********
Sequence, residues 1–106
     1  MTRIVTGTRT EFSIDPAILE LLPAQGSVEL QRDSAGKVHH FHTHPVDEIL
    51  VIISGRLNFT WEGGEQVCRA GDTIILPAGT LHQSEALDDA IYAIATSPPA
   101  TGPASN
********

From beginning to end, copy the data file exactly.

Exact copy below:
Sequence, residues 1–106
     1  MTRIVTGTRT EFSIDPAILE LLPAQGSVEL QRDSAGKVHH FHTHPVDEIL
    51  VIISGRLNFT WEGGEQVCRA GDTIILPAGT LHQSEALDDA IYAIATSPPA
   101  TGPASN